“You can't just sit around feeling sorry for yourself forever.”

English Lesson: You can't just sit around feeling sorry for yourself forever.

Your roommate broke up with his girlfriend two weeks ago. Since then, he's been at home every day and seems depressed. You don't want to see him being depressed any longer. So you say this to try to encourage him to go out and have fun with other people.

You can't just sit around feeling sorry for yourself forever.

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You can't just (do something)

Use this phrase when you're giving someone advice:

You can't just give up!

You can't just show up to class the day before the test and expect to get caught up with everything.

You can't just pack up your bags and move to a whole new city, where you don't even know anyone.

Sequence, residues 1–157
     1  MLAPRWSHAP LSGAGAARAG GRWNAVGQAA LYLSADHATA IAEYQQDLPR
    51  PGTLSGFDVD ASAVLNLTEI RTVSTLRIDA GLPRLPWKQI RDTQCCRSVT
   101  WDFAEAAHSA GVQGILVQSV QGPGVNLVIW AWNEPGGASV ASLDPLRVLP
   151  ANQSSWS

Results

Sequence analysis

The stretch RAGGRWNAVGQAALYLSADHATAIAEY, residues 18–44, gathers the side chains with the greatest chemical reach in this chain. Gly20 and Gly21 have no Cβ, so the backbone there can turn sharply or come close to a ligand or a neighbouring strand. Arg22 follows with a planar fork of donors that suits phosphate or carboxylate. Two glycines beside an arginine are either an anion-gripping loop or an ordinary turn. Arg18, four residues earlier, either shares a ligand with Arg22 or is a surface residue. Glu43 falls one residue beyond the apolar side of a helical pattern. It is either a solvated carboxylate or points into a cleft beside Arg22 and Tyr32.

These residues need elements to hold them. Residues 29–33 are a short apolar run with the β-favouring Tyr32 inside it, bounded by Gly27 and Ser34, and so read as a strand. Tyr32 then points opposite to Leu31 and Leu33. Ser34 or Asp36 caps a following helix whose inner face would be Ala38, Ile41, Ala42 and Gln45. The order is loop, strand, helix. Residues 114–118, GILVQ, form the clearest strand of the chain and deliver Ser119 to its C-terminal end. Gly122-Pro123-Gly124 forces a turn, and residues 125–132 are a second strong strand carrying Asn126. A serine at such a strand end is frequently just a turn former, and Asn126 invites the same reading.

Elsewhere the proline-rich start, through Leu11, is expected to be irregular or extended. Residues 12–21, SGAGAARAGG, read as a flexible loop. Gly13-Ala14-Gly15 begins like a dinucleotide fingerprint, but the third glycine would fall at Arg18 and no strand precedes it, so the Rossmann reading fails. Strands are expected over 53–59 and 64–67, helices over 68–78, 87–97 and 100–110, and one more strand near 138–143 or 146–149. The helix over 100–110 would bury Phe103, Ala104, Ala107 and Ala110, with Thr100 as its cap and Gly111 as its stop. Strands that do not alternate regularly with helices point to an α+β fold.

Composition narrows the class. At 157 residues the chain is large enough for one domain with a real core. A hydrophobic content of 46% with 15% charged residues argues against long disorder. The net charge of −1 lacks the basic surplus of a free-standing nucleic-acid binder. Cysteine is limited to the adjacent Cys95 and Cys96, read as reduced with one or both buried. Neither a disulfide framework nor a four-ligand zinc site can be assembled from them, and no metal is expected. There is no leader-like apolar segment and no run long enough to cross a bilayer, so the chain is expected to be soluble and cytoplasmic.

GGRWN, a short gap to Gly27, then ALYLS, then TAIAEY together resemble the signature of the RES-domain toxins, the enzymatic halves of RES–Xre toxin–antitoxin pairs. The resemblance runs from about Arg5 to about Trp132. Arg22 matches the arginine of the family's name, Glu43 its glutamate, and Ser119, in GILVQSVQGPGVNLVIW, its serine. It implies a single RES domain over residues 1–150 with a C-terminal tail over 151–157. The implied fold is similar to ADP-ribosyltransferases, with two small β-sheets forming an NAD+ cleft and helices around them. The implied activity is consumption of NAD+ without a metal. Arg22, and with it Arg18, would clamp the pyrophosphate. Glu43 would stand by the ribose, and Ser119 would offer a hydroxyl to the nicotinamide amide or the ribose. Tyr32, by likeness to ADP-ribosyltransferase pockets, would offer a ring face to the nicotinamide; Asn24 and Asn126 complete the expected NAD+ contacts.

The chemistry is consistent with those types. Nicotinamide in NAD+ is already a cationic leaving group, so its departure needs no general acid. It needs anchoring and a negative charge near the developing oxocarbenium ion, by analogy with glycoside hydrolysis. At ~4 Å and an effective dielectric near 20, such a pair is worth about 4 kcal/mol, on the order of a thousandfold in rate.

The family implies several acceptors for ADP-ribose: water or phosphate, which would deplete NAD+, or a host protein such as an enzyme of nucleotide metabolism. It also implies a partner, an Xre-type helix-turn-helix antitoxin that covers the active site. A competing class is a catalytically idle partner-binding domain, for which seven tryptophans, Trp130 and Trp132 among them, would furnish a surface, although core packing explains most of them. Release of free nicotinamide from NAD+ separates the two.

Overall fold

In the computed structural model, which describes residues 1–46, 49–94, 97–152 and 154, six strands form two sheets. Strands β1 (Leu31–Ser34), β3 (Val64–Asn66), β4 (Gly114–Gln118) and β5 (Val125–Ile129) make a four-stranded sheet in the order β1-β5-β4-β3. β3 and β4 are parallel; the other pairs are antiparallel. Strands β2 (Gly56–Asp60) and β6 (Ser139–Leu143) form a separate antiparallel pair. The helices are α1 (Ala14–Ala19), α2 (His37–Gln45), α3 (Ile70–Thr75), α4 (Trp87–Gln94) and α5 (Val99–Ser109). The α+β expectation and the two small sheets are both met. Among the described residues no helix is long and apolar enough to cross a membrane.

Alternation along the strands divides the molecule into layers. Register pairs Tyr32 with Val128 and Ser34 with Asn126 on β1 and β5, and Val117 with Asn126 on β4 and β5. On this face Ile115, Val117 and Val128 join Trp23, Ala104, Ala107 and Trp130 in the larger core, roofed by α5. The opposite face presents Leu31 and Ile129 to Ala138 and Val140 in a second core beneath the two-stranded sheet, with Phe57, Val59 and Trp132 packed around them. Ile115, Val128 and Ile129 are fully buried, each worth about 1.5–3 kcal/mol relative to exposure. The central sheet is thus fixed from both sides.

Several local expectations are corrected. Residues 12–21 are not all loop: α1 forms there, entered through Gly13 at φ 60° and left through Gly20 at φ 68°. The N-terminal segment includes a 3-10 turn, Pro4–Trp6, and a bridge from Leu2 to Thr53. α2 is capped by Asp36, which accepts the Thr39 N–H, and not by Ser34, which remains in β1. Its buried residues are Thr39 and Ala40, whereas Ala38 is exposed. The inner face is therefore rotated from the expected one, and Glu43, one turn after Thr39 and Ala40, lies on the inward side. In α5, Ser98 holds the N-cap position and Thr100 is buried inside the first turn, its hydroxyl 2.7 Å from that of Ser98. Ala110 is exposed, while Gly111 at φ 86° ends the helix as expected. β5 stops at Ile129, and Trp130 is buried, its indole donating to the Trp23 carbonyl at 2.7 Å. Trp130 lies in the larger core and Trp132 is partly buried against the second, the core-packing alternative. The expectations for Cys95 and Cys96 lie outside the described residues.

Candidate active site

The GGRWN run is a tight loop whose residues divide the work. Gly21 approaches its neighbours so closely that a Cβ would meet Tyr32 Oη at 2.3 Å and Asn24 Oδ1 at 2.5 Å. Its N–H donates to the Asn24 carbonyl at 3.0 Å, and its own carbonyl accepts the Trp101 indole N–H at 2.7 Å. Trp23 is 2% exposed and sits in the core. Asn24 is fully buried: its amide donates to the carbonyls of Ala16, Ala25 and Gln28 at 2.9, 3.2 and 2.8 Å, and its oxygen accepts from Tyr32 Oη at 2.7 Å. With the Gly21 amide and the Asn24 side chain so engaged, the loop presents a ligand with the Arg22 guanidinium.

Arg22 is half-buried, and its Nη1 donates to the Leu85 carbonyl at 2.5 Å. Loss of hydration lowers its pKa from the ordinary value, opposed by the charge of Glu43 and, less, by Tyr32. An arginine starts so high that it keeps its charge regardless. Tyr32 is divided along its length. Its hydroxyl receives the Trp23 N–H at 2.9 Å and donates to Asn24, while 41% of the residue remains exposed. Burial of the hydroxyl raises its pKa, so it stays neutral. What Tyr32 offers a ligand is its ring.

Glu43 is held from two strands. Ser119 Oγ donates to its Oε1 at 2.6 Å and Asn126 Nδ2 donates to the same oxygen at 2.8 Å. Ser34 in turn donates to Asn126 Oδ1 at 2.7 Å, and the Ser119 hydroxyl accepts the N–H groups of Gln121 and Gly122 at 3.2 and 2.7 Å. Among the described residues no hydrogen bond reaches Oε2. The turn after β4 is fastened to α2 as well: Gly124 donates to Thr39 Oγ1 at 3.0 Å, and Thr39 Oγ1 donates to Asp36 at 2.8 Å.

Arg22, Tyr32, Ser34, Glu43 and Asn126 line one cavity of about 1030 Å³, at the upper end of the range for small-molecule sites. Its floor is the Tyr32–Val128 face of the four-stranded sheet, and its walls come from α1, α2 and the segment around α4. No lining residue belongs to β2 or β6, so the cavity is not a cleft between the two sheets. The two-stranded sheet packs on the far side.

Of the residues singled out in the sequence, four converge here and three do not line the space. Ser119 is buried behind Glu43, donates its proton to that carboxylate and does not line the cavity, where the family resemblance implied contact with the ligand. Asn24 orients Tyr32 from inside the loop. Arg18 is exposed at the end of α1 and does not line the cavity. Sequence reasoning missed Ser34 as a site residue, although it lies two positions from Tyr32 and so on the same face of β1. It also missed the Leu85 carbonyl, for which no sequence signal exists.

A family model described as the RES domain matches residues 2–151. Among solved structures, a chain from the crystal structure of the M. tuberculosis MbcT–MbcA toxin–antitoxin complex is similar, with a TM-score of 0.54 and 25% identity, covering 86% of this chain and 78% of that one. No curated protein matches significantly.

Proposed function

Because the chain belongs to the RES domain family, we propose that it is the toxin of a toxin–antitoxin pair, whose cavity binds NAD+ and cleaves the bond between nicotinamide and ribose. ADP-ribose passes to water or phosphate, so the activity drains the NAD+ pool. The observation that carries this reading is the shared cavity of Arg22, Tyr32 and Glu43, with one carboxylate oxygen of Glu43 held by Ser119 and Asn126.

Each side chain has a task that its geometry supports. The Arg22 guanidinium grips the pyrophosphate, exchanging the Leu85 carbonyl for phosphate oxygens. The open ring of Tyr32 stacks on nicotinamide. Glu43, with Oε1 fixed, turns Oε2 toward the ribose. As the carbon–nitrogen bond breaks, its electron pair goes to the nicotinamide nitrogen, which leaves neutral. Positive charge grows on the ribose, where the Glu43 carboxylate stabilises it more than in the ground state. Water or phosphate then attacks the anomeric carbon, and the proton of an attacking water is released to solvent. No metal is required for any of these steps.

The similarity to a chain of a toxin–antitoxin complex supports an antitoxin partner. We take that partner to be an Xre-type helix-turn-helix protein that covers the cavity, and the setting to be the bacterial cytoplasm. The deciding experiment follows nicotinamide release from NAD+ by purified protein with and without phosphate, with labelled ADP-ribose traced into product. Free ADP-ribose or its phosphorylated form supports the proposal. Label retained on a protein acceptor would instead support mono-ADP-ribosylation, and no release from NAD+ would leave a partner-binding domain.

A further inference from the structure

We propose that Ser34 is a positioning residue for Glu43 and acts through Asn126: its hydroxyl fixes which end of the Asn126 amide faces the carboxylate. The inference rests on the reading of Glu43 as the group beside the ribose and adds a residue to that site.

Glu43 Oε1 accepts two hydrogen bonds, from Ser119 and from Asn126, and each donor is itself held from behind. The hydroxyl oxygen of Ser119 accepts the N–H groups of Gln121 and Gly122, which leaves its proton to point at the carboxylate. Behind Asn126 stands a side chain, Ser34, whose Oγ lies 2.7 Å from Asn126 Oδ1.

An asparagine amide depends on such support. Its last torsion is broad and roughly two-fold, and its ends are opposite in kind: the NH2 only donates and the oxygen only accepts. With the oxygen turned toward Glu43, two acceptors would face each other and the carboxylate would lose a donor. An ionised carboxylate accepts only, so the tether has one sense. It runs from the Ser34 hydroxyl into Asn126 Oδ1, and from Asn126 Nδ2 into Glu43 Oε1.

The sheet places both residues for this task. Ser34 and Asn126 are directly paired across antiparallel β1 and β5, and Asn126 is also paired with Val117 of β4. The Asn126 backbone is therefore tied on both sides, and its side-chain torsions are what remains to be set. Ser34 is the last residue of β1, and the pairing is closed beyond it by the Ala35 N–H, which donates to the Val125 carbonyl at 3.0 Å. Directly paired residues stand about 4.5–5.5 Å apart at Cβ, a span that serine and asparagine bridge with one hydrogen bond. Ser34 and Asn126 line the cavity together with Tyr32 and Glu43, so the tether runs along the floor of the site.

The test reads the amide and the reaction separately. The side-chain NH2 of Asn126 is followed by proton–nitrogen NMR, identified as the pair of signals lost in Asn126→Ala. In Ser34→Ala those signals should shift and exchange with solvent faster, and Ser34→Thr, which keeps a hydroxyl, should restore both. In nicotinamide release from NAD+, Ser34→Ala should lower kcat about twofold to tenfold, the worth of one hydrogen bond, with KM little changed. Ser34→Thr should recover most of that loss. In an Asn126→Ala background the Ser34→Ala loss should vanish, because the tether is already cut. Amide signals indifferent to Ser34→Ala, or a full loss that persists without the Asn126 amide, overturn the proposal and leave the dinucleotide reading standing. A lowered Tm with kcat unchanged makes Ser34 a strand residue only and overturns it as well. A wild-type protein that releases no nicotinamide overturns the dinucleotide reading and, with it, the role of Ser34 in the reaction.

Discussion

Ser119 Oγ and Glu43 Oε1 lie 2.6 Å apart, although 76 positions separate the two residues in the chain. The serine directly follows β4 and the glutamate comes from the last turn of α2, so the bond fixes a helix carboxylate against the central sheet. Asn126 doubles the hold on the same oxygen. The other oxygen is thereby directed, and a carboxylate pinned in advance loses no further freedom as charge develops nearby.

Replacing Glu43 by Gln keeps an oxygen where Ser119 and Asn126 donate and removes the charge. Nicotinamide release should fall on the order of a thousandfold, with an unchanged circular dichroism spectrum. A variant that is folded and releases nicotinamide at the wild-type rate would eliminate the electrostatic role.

Or you can scold or criticize them:

You can't just call in sick whenever you feel like it.

You can't just walk in without an appointment.

sit around (doing something)

To "sit around ___ing" means to do something lazily. Here are some of the best examples:

sit around watching TV

sit around on the Internet

sit around talking to your friends (when you're supposed to be working or studying)

sit around waiting for something

This is a negative phrase. You usually use it when you're complaining about someone who seems lazy.

feeling sorry for yourself/myself

This means to think a lot about your own problems. A person who is "feeling sorry for" him- or herself is not only sad, but also thinking things like:

  • "Why did this have to happen to me?"
  • "It's not fair!"
  • "No one loves me."
  • "Everything is ruined now!"

"Feeling sorry for yourself" is never a good thing. Saying that someone "is feeling sorry for" him- or herself makes it seem like they're childish and immature.

You can also say this about yourself:

After that, I started to feel even more sorry for myself.